"Don't sit too close to the television," our parents warned as if our eyes might fall out or rays might soak into us. Maybe both things happened, but I seemed to make it through a childhood of mild television watching with few, if any, symptoms as a result. It's interesting to live on the cusp of new technologies. What did people think as they watched the first car owners drive past their homes? Imagine the disgust as televisions began to replace radios. What were they saying when computers first found their way to our desktops? What about that hard rock-n-roll music that was sure to doom your soul?
With any new technology or discovery there are gifts and concerns. The eReader is no exception. I had to laugh this week as my friend, an avid book holder, sent this link to my Facebook account:
No matter what science says, I will continue to read from my reader. I just prefer it. There's something about being able to visit the library virtually and fill the shelves with titles. There's something about being able to read a sample before purchasing a book. There's something about being able to highlight favorite lines and have them collect in a cloud. There's something about being able to touch a word for a definition. It even makes me feel better to not be able to physically see how far I am from the end of the book without touching for a line at the bottom of my screen. There seems to be less pressure to race to the end of the book. I love the swipe of a page turn, the gentle adjustment of font size at the end of the day, and the look of a bookshelf with covers facing out. Not to mention the additional space I now have in my living room, closet, and other spaces around the house. I can carry my library right in my purse.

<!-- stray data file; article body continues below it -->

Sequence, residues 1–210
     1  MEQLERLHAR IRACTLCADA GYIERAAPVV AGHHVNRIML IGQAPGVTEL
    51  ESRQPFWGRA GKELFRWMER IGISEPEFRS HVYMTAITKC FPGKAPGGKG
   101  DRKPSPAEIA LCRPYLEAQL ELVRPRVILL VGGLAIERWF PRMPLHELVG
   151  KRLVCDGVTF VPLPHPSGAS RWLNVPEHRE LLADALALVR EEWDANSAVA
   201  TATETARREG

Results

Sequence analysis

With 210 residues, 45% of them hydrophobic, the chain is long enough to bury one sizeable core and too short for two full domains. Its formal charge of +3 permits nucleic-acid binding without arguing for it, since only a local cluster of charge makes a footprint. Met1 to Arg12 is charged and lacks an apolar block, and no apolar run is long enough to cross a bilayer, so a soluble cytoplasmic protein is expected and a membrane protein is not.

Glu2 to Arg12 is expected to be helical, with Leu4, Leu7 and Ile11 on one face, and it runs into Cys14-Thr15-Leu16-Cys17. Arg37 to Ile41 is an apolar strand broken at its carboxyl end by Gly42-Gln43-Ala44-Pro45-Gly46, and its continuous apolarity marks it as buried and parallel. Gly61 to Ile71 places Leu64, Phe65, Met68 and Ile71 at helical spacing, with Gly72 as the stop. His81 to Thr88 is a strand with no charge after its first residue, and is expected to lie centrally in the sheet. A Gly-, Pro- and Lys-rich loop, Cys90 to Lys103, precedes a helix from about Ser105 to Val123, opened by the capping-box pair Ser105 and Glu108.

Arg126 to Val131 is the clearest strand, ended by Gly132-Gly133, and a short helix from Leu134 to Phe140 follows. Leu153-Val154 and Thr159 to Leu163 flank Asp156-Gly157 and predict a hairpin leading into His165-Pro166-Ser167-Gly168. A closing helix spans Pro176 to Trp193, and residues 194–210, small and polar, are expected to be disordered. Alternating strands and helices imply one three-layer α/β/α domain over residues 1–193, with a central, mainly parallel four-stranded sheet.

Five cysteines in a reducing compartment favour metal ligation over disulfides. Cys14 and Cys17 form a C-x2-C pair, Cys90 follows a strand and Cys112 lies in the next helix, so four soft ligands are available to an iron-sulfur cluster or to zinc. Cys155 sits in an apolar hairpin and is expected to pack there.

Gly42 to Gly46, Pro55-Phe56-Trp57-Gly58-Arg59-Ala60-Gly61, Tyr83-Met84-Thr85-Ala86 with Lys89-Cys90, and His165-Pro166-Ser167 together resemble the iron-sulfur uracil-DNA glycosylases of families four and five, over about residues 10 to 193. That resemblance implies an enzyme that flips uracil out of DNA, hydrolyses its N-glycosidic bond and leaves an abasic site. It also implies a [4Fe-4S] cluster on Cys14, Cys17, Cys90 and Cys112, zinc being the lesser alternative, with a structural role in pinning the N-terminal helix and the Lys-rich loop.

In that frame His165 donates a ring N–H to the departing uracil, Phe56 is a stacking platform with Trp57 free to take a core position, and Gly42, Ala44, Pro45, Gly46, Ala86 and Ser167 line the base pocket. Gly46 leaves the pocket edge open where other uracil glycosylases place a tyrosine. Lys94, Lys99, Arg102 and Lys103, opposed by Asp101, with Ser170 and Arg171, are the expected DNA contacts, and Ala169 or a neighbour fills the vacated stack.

As I told my friend, I'm sure when they left clay tablets and moved toward scrolls there were people who missed the feel of those heavy tablets. All I know is I read more now than I ever did. The great thing about our world is it is full of options. If you still love a book, you can still get a book. I love my friends who still love to hold a book, smell its pages, and turn through a story with the pinch of their fingers instead of a swipe. The good news for both of us is according to scientific studies, reading for just 6 minutes a day reduces stress by 68%. You can't make this stuff up. We also appear to be 2.5 times less likely to develop Alzheimer's. (2.5% is huge, right?) Whether we can sequence effectively or not, there are still benefits to time spent reading no matter how you choose to do it. For me, it's the opportunity to chat about books with friends and exchange interesting scientific research from the internet.